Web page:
I am working with an existing application that has two different databases that it uses, and a bunch of pre-existing SQL statements. The databases are:
They do not share a schema but they both are used while the app is running.
QUESTION: Is it OK, preferred, or frowned upon to record all change sets under one of the databases?
Here is some background. When I first started testing liquibase against these, I was trying to select the database at runtime and was running into errors, plus, it was recording the changesets in the system database.
The SQL statements are all bundled in a few files, so I began splitting them by database, and inserting
--changeset entries every time I saw a new
Everything was looking good, and I thought that was how I had to go about it. That gives me a changelog per database, which is probably ideal if you were starting clean.
However, I accidentally missed a statement in the Logging database that inserted records into the App database; so, I had duplicate insert statements in both databases, but the insert explicitly said:
INSERT INTO [app].[dbo].[tableA] values ('1', 'one')
So, when I ran update against both databases, it succeed for App but failed on Logging. The interesting thing though is that if I put in a DELETE first under Logging, it then succeeded, despite the URL pointing to the Logging database instead.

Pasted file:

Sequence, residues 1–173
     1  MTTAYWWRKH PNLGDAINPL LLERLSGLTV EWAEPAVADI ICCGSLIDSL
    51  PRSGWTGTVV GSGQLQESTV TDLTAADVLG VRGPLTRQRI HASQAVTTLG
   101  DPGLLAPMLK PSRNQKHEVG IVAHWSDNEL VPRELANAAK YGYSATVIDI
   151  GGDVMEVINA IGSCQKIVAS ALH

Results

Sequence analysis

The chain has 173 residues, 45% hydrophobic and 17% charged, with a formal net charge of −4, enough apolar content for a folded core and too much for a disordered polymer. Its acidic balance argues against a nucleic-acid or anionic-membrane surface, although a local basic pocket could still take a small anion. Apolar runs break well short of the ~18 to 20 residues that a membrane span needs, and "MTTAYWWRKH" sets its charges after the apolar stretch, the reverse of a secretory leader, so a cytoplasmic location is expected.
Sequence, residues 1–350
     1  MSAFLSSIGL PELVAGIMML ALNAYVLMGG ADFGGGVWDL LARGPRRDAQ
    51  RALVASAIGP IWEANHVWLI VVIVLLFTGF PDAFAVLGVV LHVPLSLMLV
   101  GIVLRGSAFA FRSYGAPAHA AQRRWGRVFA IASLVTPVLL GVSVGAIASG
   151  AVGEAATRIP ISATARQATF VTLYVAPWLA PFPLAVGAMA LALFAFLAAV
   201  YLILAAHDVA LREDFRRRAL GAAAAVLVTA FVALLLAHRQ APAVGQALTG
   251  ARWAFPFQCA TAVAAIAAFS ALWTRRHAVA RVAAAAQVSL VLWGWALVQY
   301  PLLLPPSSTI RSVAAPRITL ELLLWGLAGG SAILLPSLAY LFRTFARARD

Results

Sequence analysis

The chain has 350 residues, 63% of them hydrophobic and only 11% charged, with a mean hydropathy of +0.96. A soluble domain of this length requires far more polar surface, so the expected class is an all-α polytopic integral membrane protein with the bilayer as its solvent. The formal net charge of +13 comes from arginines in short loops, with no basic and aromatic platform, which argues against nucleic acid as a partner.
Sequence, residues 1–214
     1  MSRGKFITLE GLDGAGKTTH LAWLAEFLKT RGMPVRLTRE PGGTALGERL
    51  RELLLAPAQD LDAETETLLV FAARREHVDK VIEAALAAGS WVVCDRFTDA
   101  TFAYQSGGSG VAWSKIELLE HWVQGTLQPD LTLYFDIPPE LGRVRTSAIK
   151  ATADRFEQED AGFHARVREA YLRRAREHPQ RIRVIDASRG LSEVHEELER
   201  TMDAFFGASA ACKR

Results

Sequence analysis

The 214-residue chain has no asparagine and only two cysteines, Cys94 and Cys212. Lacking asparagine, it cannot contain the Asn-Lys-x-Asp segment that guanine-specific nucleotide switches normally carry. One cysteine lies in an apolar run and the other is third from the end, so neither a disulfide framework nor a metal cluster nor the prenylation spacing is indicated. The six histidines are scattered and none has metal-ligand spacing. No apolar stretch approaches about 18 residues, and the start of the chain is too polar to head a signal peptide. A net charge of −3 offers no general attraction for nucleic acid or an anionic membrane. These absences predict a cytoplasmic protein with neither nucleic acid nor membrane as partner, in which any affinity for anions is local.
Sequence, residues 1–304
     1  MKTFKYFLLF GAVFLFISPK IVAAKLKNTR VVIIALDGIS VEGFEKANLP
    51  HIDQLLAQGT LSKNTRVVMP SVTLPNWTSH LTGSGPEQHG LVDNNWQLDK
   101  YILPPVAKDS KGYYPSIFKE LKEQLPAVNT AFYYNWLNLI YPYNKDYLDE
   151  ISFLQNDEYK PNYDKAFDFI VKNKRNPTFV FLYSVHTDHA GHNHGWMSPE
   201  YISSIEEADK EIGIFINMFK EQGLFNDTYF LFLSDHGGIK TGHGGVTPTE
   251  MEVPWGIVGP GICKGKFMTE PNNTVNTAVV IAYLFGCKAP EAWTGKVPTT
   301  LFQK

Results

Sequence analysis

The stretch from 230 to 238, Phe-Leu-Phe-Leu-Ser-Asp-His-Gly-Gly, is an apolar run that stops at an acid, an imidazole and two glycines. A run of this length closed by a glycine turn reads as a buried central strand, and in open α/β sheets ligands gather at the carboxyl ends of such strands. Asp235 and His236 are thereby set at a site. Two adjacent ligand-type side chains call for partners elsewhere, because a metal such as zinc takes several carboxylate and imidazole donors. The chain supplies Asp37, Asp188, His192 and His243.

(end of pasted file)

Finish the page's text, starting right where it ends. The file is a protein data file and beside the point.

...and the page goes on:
That surprised me a bit, but now makes me wonder if I couldn't just list the Logging database in the URL and leave all of the changes together; the App change sets and the Logging change sets would be recorded against only the Logging DB.
I know that could prevent splitting them down the road, but it seems like it would be much easier to implement in the beginning, given that all of the SQL statements are already mixed.
I'd say the answer is "It Depends". My general advice is that you should use a single databasechangelog per application although if you have a lot of independent modules it often makes sense to break it up by modules. The modules need to be completely independent, though, with no cross-object references.
In your case, it sounds like you have separate independent modules, but unless you have a good reason it is probably easiest and less error prone to still have a single databasechangelog table that manages what has been applied to both schemas/databases. It is just a trade-off in modularity vs. simplicity.
With a single changelog file and databasechangelog table, You are able to use the "catalogName" attribue on most operations to specify the database that they changes should be made in.
Liquibase uses just one connection, so using a single changelog table will allow you to only need to run liquibase once, but the user you connect as will need permissions to both databases.